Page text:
Functional patent claim language not only justified an Examiner’s indefiniteness rejections under 35 USC § 112(b), but also justified a new ground of indefiniteness rejection in In re Xie, Ex parte Appeal 2017-000540, Application 12/774,138 (March 20, 2018). Why? Because the PTAB found sua sponte that the applicant had not overcome the weakened presumption of Williamson v. Citrix Online, LLC (Fed. Cir. 2015), that functional claim language is not subject to the means-plus-function strictures of 35 USC § 112(f) (or, this being a pre-AIA case, § 112, 6th paragraph).
The entire lengthy representative claim 1 is reproduced below – focus on the emphasized portions, the emphases being highlighted by the PTAB as “key limitations:”
A system comprising:
an assay test strip including a test portion and an encoder portion, the test portion including at least one analyte reaction section, the encoder portion including a plurality of optically detectable markings each at one of a plurality of known positions;
an assay test strip reader comprising a body sized to receive the assay test strip;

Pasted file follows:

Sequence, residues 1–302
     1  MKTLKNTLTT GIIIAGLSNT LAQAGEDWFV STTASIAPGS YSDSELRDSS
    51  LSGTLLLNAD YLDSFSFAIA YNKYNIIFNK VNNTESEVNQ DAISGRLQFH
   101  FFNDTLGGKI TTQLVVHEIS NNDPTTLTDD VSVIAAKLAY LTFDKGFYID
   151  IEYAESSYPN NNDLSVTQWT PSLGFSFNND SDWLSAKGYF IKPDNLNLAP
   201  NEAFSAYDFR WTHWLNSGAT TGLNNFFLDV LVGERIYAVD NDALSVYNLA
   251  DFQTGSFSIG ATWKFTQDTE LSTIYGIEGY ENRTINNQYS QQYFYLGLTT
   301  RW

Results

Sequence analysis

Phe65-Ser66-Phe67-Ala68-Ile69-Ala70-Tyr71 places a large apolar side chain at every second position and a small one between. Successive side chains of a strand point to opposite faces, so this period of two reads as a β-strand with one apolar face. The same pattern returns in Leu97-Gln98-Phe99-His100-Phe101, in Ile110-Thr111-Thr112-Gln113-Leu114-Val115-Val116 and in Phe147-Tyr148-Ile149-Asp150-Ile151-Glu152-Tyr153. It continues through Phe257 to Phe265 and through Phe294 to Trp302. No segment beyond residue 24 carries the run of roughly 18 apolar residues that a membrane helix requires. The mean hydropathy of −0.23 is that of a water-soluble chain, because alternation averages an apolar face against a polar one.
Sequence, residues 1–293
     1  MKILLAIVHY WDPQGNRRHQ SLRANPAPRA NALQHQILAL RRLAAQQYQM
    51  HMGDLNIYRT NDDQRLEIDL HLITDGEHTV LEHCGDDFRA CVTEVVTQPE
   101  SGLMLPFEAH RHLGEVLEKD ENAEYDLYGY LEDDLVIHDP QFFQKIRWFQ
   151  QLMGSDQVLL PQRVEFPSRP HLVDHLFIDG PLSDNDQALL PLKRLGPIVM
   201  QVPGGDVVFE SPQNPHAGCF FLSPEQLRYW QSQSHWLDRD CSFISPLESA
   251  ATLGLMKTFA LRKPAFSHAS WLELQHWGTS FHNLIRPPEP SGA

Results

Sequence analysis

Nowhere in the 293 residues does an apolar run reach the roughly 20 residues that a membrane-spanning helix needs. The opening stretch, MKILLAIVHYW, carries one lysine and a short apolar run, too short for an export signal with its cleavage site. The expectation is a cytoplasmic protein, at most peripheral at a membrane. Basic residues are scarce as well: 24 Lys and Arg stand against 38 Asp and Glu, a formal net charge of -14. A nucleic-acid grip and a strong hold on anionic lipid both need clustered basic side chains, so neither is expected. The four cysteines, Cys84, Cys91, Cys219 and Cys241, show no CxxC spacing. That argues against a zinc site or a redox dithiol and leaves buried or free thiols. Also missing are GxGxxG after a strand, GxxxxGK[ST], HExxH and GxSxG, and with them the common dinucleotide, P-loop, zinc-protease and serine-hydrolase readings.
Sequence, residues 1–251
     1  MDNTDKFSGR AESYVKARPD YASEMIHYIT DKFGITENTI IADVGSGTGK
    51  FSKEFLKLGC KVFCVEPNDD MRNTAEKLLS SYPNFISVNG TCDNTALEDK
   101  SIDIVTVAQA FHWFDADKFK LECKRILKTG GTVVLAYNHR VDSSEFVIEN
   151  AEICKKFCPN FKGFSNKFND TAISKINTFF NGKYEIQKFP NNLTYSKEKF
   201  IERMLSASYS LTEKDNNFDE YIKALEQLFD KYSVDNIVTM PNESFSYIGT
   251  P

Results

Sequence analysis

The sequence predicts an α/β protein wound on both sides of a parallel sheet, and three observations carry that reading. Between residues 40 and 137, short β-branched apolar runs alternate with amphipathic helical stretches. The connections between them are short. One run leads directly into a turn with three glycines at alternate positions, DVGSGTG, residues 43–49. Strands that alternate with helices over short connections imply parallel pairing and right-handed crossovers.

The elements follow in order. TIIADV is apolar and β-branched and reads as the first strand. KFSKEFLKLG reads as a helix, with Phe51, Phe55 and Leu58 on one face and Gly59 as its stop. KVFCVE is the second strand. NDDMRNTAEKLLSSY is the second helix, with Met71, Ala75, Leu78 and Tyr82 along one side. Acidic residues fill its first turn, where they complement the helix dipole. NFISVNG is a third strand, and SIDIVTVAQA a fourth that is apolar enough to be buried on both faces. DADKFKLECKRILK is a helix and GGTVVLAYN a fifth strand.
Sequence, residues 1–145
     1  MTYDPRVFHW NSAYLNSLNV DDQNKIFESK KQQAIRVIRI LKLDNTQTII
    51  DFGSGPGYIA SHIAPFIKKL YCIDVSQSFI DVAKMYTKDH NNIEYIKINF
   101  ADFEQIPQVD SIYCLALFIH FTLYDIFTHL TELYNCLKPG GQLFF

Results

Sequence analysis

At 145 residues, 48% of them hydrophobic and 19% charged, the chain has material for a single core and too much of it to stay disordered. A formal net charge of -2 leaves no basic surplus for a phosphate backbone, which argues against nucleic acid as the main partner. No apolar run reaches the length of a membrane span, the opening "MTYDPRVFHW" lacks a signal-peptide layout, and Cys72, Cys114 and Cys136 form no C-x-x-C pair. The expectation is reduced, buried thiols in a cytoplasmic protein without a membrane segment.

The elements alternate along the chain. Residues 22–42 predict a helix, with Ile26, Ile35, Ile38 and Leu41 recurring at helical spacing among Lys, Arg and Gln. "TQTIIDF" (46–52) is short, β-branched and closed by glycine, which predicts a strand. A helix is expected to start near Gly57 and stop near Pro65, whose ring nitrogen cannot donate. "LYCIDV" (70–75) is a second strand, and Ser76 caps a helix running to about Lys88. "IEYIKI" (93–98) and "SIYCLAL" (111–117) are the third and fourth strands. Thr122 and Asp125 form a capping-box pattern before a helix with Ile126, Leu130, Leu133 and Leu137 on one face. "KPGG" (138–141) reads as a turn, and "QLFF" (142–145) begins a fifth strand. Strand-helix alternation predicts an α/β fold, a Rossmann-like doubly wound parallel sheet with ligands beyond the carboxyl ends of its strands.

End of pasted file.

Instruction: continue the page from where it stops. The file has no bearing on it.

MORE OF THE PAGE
at least one detector fixedly connected to the body, the at least one detector positioned within the body such that an inserting of the assay test strip or a removing of the assay test strip by an operator, which results in movement of the assay test strip with respect to the body and the at least one detector, causes the at least one detector to detect signals based on different points on the assay test strip, the at least one detector configured to detect an encoder optical signal indicative of the position of the assay test strip within the body and to detect an analyte optical signal indicative of a reaction of at least one analyte;
at least one light source associated with the at least one detector, the at least one light source configured to illuminate at least a portion of the assay test strip adjacent to the at least one detector; and
control electronics coupled to the at least one detector, the control electronics configured to:
receive analyte optical signals and encoder optical signals from the at least one detector,
determine, using the encoder optical signals, the relative position of the assay test strip with respect to the detector at a given point in time, even when a first portion of the assay test strip is moved more quickly or more slowly than a second portion of the assay test strip,
construct, using the analyte optical signals and the relative position of the assay test strip with respect to the detector at the given points in time, a representation of the spacing of detected analyte reaction regions, regardless of the speed with which the assay test strip is moved through the reader by the operator, and
generate at least one result signal based on the representation.